For Anglachel for her birthday. Beta by RiverOtter.
The Steward’s son went still as he found himself listening to the talk in the adjoining room.
“There are those who would see the King return again and wear the Winged Crown.”
“And there are those who would refuse to bow the knee to any whose claim upon the Throne of Gondor could not be verified—and with good reason.”
“You are obviously of good Dúnedain blood.”
“Am I? There are those already who will swear that I am the love-child of the Steward, and thus obviously illegitimate and so barred from claiming even the Rod and the Black Chair. Yet you would somehow see me sit at the top of the dais, crowned in mithril and mother of pearl?”
Lord Meredorn of Langstrand gave a great snort. “You—the fruit of an assignation between Ecthelion and some Rohir’s daughter? Were your eyes green or blue, or your hair a lighter brown—perhaps. But you could be the very brother of Denethor.”
“I assure you that I am not.”
“Then who is your father, or your mother?”
“No one you have ever heard named, I am certain. Remember--not all who bear full Dúnedain blood are automatically of the Line of Kings of Gondor.”
“Where do they dwell, your parents?”
“My father died when I was little better than a babe in arms. It was another, a distant relative, who took my mother into his home and saw me raised among his own sons, and who saw me trained to serve as I can.”
“You would stand to inherit from him when he dies?”
“There is no question that his sons are legitimate and much older than I. No—I look to inherit nothing from him. I have no claim to anything that is his save the love he gave me for the sake of my fathers. As I said, we are kinsman from afar.”
Meredorn dropped his voice, but Denethor could still hear him. “But if we were to claim that you were from among the Lost, and were the Heir to Isildur? Would you not be tempted to reach for the Winged Crown?”
“You would risk civil war? And for what? To see an untried stranger made King to supplant Ecthelion and his son?”
“None seeks to supplant Ecthelion. He is a genial enough soul, and a good one to have as Ruling Steward. But there are few who look forward eagerly to the time when Denethor succeeds his father. He is given to rigidity, we find. He has been a good Captain of our forces in the past, but he is much given to the study of lore. One with his attention ever in a book too oft fails to see dangers or advantages to be found right beneath his nose.”
Thorongil’s voice became cold. “Have you not heard that I, too, am learned in ancient lore? Such was my kinsman’s interest in such things that he has seen to it all who pass through his house are entertained nightly with ancient tales and songs, and I read freely all I could find in his library regarding the histories of Middle Earth. Even now, when naught else puts calls upon my time I spend what time I can in the great archives, ever seeking to add to what I learned as a child and youth. I doubt that in the end you would find me preferable, as you appear to see it, to Lord Denethor.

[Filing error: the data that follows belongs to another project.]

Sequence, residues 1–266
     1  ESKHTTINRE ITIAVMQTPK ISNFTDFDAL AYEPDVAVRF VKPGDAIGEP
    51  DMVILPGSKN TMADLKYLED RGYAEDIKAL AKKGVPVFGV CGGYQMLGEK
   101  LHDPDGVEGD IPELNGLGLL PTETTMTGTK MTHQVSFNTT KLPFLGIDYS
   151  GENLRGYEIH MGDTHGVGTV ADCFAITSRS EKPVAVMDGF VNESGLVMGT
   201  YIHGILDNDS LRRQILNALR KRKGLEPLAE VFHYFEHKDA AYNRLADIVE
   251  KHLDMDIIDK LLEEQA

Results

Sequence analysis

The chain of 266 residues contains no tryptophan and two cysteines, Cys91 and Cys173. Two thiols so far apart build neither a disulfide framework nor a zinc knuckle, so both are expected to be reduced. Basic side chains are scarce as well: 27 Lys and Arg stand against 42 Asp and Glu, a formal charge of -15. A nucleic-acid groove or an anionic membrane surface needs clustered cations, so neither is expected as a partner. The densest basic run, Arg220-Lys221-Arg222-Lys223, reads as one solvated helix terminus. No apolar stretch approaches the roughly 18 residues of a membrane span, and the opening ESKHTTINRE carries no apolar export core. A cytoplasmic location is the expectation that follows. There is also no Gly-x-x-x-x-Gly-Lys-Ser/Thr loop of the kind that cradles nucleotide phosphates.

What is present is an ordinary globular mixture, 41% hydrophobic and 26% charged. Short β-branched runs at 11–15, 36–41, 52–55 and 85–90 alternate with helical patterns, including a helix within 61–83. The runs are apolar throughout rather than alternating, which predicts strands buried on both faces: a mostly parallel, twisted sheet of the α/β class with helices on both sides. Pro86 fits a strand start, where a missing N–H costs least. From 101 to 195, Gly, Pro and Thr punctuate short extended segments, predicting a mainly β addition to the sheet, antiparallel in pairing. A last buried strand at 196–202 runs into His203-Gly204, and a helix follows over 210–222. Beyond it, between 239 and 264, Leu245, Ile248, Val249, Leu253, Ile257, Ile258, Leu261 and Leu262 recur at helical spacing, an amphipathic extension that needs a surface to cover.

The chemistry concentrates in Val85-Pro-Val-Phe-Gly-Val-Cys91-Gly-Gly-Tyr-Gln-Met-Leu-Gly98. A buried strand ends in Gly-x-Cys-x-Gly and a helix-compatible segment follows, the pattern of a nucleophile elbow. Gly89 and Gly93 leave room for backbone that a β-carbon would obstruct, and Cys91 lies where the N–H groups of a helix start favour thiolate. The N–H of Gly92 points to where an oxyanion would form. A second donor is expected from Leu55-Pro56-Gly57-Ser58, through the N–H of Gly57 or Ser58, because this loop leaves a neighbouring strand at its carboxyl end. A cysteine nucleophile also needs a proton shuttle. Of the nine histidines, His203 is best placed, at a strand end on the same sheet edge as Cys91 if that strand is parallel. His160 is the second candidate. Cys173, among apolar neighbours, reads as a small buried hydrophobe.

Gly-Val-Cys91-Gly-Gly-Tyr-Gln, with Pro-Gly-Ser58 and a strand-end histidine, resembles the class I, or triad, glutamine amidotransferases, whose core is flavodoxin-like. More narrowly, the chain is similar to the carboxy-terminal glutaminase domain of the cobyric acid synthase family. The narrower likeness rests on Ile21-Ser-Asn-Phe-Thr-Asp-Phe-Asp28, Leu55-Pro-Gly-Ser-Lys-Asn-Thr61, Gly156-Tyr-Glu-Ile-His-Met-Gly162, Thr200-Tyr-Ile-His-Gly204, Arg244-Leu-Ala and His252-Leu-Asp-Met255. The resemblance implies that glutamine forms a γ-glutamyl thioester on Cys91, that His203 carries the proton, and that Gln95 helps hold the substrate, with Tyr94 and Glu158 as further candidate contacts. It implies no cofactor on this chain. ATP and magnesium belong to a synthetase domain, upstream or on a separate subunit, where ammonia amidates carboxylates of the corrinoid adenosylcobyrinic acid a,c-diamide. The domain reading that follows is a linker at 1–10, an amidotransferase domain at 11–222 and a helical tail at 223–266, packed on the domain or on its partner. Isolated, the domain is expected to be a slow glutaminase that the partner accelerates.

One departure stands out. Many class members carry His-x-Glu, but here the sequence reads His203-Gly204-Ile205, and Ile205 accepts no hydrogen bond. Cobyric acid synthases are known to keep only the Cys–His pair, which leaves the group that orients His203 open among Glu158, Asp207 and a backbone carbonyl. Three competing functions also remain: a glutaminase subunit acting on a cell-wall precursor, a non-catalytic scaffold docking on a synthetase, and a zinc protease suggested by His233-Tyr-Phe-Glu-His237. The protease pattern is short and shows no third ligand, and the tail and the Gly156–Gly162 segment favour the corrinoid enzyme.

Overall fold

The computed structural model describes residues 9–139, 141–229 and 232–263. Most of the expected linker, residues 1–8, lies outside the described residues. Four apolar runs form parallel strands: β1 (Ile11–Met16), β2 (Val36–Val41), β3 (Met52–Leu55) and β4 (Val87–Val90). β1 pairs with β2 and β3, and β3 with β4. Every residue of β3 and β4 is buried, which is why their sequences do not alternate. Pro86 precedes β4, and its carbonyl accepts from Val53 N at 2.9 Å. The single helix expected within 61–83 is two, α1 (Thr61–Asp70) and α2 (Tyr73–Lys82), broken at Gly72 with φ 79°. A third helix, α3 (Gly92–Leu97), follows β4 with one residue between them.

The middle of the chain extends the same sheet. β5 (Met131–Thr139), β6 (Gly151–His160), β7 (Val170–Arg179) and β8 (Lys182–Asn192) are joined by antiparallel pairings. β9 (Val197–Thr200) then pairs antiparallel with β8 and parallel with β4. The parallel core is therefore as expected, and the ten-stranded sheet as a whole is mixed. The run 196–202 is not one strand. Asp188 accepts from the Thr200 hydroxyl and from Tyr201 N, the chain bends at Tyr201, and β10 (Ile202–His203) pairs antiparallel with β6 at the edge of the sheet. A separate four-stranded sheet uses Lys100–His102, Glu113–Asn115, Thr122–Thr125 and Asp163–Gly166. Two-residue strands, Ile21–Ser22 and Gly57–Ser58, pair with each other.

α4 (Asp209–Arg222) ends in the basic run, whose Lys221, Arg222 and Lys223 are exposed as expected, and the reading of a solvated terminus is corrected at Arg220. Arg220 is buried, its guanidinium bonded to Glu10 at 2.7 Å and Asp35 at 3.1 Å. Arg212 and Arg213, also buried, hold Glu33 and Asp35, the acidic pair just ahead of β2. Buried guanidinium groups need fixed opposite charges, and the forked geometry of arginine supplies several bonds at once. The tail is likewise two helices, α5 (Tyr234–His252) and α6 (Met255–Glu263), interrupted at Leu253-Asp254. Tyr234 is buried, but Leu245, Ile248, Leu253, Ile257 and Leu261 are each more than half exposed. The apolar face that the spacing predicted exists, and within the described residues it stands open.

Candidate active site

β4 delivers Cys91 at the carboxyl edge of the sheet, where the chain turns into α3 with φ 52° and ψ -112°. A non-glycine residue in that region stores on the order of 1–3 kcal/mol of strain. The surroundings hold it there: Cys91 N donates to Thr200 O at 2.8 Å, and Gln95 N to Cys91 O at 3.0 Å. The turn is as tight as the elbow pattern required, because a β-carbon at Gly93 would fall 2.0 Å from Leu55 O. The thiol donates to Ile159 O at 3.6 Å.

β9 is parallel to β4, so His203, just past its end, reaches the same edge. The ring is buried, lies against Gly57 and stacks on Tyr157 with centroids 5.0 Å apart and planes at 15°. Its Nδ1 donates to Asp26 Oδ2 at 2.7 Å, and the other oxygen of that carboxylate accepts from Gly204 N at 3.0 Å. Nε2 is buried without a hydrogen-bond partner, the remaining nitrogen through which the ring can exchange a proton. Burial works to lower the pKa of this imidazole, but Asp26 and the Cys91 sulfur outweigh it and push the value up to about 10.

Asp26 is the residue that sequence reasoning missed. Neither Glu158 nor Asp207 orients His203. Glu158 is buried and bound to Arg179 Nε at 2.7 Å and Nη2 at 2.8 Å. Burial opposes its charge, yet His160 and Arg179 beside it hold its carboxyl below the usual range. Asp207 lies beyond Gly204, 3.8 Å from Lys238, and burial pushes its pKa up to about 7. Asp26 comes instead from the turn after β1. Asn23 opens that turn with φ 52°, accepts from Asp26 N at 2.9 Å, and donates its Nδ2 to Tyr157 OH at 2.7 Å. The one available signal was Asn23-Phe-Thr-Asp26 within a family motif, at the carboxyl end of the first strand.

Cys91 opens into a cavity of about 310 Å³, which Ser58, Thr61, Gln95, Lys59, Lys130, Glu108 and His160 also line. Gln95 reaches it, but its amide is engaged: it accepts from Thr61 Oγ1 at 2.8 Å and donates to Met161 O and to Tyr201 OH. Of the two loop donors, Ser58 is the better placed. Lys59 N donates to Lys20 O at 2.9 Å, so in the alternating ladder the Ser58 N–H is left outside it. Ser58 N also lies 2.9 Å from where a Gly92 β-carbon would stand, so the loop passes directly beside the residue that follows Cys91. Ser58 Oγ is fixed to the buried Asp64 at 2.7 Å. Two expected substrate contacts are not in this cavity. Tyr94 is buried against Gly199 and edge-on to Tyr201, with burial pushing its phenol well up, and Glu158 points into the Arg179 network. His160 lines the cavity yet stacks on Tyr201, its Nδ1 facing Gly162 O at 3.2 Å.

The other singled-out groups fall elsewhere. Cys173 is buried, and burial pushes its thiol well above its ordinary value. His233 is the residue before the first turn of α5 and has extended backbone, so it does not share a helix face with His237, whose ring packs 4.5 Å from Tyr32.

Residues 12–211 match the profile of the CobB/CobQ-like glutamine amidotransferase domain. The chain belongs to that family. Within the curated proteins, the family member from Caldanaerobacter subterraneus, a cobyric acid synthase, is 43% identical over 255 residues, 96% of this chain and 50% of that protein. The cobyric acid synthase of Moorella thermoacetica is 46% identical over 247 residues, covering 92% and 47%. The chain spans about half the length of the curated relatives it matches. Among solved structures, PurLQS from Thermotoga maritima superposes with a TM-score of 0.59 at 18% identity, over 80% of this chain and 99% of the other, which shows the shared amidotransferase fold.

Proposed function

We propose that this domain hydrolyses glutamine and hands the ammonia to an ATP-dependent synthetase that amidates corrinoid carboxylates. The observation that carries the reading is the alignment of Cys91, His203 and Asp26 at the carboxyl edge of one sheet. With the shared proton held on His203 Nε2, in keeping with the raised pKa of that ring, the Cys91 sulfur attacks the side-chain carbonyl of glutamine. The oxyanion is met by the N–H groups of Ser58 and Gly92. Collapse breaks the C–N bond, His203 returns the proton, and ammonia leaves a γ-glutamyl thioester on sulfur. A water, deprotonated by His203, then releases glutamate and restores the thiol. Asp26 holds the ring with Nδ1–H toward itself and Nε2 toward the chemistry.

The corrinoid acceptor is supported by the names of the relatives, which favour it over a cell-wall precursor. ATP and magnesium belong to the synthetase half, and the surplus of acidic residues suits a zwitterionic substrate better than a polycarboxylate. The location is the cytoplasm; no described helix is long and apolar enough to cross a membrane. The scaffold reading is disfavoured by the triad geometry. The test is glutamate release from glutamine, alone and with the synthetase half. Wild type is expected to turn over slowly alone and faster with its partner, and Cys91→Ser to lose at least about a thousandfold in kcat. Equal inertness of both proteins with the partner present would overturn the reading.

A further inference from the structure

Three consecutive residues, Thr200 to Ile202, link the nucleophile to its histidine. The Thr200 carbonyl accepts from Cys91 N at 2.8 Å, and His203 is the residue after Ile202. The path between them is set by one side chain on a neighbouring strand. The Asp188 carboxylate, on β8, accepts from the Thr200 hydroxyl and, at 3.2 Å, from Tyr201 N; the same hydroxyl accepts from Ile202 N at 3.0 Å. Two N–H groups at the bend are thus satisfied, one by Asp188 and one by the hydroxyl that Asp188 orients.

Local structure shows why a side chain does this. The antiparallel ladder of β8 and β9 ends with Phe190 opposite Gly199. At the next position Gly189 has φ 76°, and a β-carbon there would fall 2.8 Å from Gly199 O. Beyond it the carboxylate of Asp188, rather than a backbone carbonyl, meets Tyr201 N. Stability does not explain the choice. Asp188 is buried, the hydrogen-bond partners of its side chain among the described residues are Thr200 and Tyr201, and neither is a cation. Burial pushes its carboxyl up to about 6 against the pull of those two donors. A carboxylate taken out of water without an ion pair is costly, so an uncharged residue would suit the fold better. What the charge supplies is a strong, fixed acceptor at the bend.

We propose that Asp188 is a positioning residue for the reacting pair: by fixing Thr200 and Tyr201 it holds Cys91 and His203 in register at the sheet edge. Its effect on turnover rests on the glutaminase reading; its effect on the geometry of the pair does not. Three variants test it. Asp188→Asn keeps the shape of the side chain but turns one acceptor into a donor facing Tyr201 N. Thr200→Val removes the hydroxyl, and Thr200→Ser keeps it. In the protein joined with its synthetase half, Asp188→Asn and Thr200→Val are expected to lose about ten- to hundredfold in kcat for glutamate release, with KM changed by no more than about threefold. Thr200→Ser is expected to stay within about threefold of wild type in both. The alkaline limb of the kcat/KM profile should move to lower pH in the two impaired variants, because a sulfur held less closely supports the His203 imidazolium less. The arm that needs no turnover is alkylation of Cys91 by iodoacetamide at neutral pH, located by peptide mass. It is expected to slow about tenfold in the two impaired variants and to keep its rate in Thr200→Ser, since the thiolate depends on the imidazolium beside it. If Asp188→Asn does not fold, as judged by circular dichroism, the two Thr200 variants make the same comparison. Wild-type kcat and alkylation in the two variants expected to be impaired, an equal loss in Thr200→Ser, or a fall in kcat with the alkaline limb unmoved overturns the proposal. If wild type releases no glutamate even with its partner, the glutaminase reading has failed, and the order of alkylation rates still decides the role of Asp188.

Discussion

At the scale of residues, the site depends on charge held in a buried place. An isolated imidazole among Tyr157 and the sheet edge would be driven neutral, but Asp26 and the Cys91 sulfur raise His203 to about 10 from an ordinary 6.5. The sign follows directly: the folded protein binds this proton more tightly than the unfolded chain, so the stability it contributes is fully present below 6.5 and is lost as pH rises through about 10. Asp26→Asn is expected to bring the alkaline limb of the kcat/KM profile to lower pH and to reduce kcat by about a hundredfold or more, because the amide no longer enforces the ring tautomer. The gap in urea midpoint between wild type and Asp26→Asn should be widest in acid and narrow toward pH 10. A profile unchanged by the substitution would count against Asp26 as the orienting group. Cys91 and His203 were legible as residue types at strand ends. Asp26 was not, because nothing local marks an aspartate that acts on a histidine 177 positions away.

“And there is the fact I have sworn myself to his father’s service. I will not betray that oath by standing against Ecthelion’s son when it is his time to accept the White Rod. Tell me, my lord—why this interest in preferring me? Do you think me more easily swayed to your arguments than Denethor? You will find I am master of my own mind, and I have been known to speak against those I love most truly when I have felt it right and proper to do so.”
Meredorn’s voice cooled to match that of the mercenary. “Is that your way of warning me you consider my talk treasonous?”
There was a pause before Thorongil answered, “I question the motivations of those who would advise against following the legal succession of power within the land.”
“If the rightful King were found, and could substantiate his claim to the Throne, would you deny him?”
“He would have to prove his lineage and his claim, and even then I would not wish to see the authority of the Ruling Stewards blindly set aside.”
“Would you give your oath to Denethor as you have to Ecthelion?”
“That is not a question that needs to be answered at this time, Lord Meredorn.”
“But if you could become King of Gondor----”
“My lord, you press me too closely. If you continue, I must make my report to Lord Ecthelion that you speak, if not against him, at least against the rightful succession of his son. I will leave you now. I give you good day.”